Priyanka Gandhi's entry into politics is most exciting

Why do I say so, despite being a strident critique of the lapses of UPA-II, in which Congress was the dominant player?

 |  7-minute read |   23-01-2017
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It has happened. It should have happened years ago. Priyanka is launched on the stage of Uttar Pradesh (nee, national) politics.

A welcome sign that the Congress is beginning to think tactically and sensibly.

Priyanka, unlike Rahul, is not a Stephanian. She chose to attend Jesus and Mary College, instead.

Why do I, a former Principal of St Stephen's, mention this in her favour?

Because I am embittered with the institution, now that I am retired?

No! There is no other institution I love more than my Alma Mater.

Priyanka's decision to forego a coveted label is a significant pointer to who she is.

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Am I worried about the Vadra factor? Of course I am. I wish this cloud were not there in the background. Photo: PTI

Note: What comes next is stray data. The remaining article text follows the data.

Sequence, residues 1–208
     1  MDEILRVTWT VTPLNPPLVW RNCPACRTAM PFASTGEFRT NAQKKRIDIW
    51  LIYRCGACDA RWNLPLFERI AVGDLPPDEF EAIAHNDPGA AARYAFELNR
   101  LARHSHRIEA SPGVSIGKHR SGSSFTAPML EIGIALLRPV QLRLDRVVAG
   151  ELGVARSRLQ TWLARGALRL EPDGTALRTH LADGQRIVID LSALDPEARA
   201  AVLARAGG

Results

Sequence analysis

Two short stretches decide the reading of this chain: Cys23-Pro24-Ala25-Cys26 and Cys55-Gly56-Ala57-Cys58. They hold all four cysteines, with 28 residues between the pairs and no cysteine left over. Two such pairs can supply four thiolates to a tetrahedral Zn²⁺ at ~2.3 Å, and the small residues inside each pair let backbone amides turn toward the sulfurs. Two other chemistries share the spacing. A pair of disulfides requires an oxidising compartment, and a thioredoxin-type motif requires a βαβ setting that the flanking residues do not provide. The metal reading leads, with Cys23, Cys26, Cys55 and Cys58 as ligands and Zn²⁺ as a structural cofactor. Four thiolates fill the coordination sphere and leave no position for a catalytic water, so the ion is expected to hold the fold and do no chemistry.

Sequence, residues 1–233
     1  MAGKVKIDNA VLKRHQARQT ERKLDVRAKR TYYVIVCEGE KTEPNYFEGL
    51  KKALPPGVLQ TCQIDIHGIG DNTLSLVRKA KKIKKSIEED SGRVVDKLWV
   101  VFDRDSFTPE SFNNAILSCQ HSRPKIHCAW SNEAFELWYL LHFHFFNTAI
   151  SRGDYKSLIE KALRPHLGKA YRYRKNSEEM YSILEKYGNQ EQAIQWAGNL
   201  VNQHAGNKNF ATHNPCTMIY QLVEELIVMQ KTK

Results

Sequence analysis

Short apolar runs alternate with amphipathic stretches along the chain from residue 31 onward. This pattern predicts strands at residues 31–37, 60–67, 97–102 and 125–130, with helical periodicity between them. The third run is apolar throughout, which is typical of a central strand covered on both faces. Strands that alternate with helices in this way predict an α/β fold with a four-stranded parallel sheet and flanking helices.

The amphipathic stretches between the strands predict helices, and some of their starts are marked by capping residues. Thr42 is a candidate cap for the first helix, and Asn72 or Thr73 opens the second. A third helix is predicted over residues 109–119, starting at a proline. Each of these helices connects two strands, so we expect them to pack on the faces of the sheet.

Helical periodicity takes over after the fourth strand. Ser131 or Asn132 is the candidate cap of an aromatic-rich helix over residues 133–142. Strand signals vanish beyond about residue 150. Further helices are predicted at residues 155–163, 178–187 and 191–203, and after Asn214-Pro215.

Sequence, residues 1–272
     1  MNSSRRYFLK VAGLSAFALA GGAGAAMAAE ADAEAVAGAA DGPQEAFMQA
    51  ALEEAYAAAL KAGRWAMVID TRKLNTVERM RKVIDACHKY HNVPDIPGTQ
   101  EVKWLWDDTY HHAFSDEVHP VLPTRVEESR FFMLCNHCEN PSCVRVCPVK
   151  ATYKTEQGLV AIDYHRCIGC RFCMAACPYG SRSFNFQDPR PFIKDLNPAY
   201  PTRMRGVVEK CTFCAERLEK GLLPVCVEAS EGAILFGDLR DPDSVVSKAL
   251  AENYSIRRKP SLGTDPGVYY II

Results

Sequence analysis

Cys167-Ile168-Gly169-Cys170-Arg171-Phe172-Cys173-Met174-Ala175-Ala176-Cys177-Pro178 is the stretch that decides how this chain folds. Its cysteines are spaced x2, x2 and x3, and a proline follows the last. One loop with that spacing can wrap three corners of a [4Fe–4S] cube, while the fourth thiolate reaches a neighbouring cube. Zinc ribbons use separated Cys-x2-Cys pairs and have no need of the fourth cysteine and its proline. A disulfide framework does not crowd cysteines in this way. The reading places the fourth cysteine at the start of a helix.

Most aspirants choose St Stephen's attracted, first, by the glow and reach of its label.

I'm not saying that academic considerations are superfluous. They are not; but serve mostly as a foil to the jewel of prestige.

Priyanka's decision to pursue her studies quietly, unnoticed by others (I bet, not many know that she studied in J&MC), offers a relevant insight into her character and, hence, into the secret of her charisma.

She is not one to shine in borrowed robes. She will not be a parasite on ready-made advantages.

Now, on to another aspect of her personality, which too is hardly known.